Academic journal article Scottish Literary Review

The Summer of Cyrano

Academic journal article Scottish Literary Review

The Summer of Cyrano

Article excerpt

Edwin Morgan's engagement with the Scots language is a curious one. The most obvious paradox is that his most extensive forays in the realm of the 'mother tongue' are in his translations and adaptations, rather than in his original poetry or drama. (1) The most substantial of his Scots language translations are the two late dramas, Cyrano de Bergerac (1992) and Phaedra (2000), which followed the much earlier reworking of Mayakovsky's verse, Wi the Haill Voice, published in 1972, but composed largely in the 1950s. (2) More modest excursions in Scots can be found in other adaptations, such as a rendering of a speech by Shakespeare's Lady Macbeth (Act I, scene 5), republished in the Collected Translations (1996), and a few lines of Beowulf. These lines were published as 'The Auld Man's Coronach' in the Glasgow Herald in 1953; a half-century later, they were disinterred and reprinted by Chris Jones in his monograph, Strange Likeness. (3) Translation of canonical poetry and drama into Scots was, of course, one of the major projects of those in the post-war Lallans movement who followed the example of Hugh MacDiarmid, and, at a cursory glance, Morgan's practice seems to fall in line with that of the Scots language makars of his own generation and the one that immediately preceded it. For example, his Mayakovsky translation can be set in the context of a lively 20th century tradition that begins with MacDiarmid's renderings of Aleksandr Blok's lyric poetry in A Drunk Man Looks at the Thistle (1926) and includes Sydney Goodsir Smith's Scots translation of the same poet's more fragmentary reflections on the Bolshevik revolution, The Twelve (1957). (4) In drama, Morgan's translations follow the distinguished lineage of Robert Kemp's celebrated versions of Moliere's farces and Douglas Young's adaptations of Greek comedies. The very title of Morgan's Mayakovsky translations, Wi the Haill Voice, seems to proclaim that only through Scots will Morgan express himself fully. Such a sentiment echoes MacDiarmid's stated desire to see:

   [...] a synthetic Scots gathering together and reintegrating all
   the disjecta membra of the Doric and endeavouring to realise its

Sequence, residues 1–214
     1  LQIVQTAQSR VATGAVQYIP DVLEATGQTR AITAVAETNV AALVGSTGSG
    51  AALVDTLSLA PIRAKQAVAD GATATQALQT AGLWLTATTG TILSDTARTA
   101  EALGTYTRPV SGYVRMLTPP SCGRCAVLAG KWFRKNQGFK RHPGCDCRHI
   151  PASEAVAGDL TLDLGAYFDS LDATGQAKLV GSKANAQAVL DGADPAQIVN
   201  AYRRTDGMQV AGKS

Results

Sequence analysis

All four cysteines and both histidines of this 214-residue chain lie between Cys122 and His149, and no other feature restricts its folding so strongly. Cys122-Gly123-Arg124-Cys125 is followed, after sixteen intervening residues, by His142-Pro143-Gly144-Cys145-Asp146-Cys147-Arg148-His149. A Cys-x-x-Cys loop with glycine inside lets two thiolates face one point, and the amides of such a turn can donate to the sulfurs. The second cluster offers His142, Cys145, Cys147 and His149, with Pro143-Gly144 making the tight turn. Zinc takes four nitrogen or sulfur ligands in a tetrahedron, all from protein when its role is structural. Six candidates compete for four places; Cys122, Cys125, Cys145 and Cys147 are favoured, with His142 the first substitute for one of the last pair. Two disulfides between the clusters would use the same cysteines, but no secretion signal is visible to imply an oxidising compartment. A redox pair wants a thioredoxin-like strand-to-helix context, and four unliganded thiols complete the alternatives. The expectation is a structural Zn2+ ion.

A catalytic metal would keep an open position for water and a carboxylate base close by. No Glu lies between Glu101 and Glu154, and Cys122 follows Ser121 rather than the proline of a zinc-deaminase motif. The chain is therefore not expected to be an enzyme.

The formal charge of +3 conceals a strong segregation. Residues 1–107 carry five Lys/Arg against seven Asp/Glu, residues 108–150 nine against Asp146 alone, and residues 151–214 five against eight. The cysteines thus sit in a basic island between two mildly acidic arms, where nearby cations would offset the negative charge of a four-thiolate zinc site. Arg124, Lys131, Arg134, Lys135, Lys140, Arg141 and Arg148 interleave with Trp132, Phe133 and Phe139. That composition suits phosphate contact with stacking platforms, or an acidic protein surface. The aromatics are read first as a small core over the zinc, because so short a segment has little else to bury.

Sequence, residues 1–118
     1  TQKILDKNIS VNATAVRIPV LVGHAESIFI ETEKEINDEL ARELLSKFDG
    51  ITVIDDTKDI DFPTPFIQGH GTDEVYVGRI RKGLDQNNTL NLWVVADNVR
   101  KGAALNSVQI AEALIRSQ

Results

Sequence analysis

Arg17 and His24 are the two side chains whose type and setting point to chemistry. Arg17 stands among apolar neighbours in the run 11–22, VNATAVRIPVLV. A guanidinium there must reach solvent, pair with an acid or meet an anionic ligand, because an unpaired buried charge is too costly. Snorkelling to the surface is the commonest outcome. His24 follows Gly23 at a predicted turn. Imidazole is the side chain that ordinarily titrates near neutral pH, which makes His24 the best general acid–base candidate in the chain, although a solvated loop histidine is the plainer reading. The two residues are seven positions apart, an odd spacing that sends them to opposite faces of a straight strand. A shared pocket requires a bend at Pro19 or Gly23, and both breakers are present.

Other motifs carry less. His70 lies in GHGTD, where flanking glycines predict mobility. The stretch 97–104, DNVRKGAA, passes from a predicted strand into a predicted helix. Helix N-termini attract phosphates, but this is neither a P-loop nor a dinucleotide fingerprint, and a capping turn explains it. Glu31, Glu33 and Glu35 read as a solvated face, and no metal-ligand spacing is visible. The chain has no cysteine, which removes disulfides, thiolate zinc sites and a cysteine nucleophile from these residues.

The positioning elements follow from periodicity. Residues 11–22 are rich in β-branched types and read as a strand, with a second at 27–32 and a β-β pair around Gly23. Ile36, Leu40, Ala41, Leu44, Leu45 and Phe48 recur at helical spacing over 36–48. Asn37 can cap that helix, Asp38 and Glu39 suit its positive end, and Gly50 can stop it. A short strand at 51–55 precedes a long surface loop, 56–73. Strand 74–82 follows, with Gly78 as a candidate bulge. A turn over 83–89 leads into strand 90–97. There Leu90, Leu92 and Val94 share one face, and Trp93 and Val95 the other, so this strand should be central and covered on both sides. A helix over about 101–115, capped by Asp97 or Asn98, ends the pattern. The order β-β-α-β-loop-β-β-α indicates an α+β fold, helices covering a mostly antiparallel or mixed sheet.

latent potentialities along lines in harmony at once with
   distinctive Scots psychology and contemporary cultural functions
   and requirements. (5)

And yet there are clearly problems with this reading of Morgan as a late Lallans makar, despite the fact that Robin Hamilton describes his Mayakovsky and Shakespeare adaptations as being in 'Lallans Scots.' (6) As already noted, Morgan's original verse- and indeed most of his translations--are in English, which makes Scots for him a marked choice, rather than one that 'reintegrates' the elements of a fragmented national psyche, and realises their 'latent possibilities'. Commenting on his own practice, Morgan distances himself--though not in principle--from the easy association between nationalist politics and the use of Scots that characterises much of the post-MacDiarmid 'renaissance':

   I tend to use Scots where it would be naturally used in a poem, in
   speech. I'm very much aware that this leaves the whole position in
   the air--whether one should use Scots as a deliberate political
   act--this is clearly a possibility. (7)

And though the Scots that bursts forth in Cyrano de Bergerac and Phaedra is in fact far from that which would be 'naturally used in speech', it is also some way from the kind of Scots employed by those earlier 20th century translators and dramatists who--like Douglas Young--wore their nationalist credentials on their sleeves. As Bill Findlay observes, in a detailed discussion of the nature of Morgan's dramatic medium, whereas Lallans translators of drama, like Robert Kemp and Victor Carin, tended to draw upon conservative, rural language varieties as the basis of their stage Scots, Morgan turned to Glaswegian speech, synthesizing elements of this stigmatised medium in ways reminiscent of the strategies of the Lallans poets and dramatists, with results that root the literary dialect in the city rather than the country. …

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